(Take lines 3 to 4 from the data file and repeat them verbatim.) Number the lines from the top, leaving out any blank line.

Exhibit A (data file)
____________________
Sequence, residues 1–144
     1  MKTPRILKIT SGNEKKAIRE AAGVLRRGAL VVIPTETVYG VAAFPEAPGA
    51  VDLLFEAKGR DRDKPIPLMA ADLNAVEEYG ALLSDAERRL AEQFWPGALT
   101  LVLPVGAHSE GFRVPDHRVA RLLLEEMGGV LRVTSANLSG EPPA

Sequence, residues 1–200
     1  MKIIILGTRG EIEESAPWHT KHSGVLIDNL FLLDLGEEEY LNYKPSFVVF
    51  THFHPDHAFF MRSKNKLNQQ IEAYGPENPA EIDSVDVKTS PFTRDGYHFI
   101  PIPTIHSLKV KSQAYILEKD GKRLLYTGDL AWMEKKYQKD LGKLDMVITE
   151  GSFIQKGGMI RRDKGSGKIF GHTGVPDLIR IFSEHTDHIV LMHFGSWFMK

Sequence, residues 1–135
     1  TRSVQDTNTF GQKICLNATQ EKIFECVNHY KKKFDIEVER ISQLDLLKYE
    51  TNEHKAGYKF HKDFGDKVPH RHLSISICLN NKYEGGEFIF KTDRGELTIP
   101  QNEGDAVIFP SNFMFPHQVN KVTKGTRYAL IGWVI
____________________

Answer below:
    51  VDLLFEAKGR DRDKPIPLMA ADLNAVEEYG ALLSDAERRL AEQFWPGALT
   101  LVLPVGAHSE GFRVPDHRVA RLLLEEMGGV LRVTSANLSG EPPA